IBM to launch server energy savings plan

IBM is launching a programme that will make it possible for its customers to document server energy savings and even trade them for cash, if they want, on emerging carbon markets.

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IBM is launching a programme that will make it possible for its customers to document server energy savings and even trade them for cash, if they want, on emerging carbon markets.

IBM says it is the first in this industry to offer such a programme and, though it is initially making it available only for its mainframes, the company plans to extend it to all its server lines and storage systems as well.

IBM says that if you take distributed systems, for instance x86 servers, and consolidate them on a mainframe, the move will result in energy savings. Those savings can be calculated based on reference data, a task that will fall to Neuwing Energy Ventures, an independent firm verifying and trading in energy efficiency certificates.

More specifically, IBM say its ongoing consolidation of 3,900 distributed systems onto 33 mainframes will eventually save the company 119,000 megawatt hours annually. The megawatt hours of savings that Neuwing will calculate will include the total savings to power and cool the datacentre. One energy efficiency certificate is issued for each megawatt hour saved per year.

Those certificates, in IBM's example, would have an estimated value of between US$300,000 (£150,000) and $1m (£500,000) based on market conditions, said Rich Lechner, IBM's vice president of IT optimisation. Those certificates can be issued for each year of the life of the project.

"The value of these certificates is minute to the real energy savings and the real operational savings that you are going to realise," said Lechner.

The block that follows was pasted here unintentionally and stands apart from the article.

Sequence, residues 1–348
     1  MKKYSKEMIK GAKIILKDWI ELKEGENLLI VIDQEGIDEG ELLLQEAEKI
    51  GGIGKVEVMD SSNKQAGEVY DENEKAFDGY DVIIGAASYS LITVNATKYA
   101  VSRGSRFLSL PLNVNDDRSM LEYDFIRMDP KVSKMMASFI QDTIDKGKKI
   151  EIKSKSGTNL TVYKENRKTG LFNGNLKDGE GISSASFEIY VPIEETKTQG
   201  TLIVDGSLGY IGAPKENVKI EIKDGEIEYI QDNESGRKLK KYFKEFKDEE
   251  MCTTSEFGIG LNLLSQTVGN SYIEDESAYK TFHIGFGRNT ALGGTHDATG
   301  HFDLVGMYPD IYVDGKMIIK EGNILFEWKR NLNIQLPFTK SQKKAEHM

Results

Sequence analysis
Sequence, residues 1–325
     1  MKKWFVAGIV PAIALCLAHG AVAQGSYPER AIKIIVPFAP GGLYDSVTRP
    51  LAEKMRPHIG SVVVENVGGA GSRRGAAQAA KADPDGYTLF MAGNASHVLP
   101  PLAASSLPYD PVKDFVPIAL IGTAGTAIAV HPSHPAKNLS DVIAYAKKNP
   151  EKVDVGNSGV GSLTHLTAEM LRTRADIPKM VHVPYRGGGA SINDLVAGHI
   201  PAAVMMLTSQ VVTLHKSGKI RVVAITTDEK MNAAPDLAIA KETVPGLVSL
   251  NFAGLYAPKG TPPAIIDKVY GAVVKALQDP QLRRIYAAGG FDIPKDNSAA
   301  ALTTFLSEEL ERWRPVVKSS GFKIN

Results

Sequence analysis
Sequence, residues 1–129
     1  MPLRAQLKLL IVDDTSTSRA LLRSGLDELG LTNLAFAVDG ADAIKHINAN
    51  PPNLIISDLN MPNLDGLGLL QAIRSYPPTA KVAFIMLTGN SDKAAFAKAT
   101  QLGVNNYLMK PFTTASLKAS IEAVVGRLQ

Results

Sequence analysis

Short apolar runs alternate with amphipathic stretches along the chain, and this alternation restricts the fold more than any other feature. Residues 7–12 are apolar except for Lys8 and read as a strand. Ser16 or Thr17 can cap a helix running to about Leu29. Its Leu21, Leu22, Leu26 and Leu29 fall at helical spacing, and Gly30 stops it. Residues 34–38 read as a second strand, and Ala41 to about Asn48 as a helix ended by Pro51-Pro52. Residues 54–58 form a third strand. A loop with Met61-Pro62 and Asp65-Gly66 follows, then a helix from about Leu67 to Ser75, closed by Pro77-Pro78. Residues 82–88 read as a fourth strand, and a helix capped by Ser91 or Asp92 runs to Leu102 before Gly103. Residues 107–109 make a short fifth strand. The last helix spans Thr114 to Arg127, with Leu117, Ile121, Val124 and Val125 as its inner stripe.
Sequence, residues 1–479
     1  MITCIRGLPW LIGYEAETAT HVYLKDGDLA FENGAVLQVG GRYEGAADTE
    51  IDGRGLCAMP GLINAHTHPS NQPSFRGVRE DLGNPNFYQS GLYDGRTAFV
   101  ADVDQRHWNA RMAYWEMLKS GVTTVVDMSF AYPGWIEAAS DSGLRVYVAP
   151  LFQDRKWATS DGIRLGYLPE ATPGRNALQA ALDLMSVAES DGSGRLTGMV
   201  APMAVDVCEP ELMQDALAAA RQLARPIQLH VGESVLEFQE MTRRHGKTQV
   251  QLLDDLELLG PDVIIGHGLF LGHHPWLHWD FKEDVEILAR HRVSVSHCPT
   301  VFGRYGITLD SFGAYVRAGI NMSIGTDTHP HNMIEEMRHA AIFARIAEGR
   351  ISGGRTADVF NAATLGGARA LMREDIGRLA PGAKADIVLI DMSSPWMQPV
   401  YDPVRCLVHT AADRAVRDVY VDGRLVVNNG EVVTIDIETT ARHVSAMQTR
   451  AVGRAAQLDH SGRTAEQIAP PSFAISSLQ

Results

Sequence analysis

Indeed, energy efficiency certificates may prove mere frosting on the layers of punishments and incentives already pushing datacentre managers to save energy. Unrelenting server growth, rising power bills, insufficient cooling and even power availability have turned power and cooling issues into the number-one datacentre headache. The US Environmental Protection Agency, which was asked by US Congress last year to study power consumption by datacentres, reported in August that it expects computer and datacentre power consumption to double over the next five years.

IBM isn't alone in providing a financial incentive for energy efficiency. Pacific Gas & Electric, for instance, is working with major utilities to expand a programme that pays a company between $150 (£75) and $300 (£150) per server removed from service. The utility has been encouraging its customers to adopt virtualisation to increase server utilisation.

Under IBM's programme, a company could keep its energy certificates and use them simply as proof of corporate responsibility. But other companies might sell these certificates on one of the emerging carbon markets.

If you are operating a datacentre in the centre of London the facility "is a huge percentage of your total power consumption and thereby your CO2 emissions," said Lechner. "If you don't achieve the savings yourself, you acquire it from a third party," he said, which in this case would be mean buying energy savings certificates.

Existing mainframe users can also claim credits based on increased computing requirements. To the degree that you demonstrate that you are growing on an efficient platform, and avoiding costs such as lightly utilised x86 servers, you can project savings, said Lechner.

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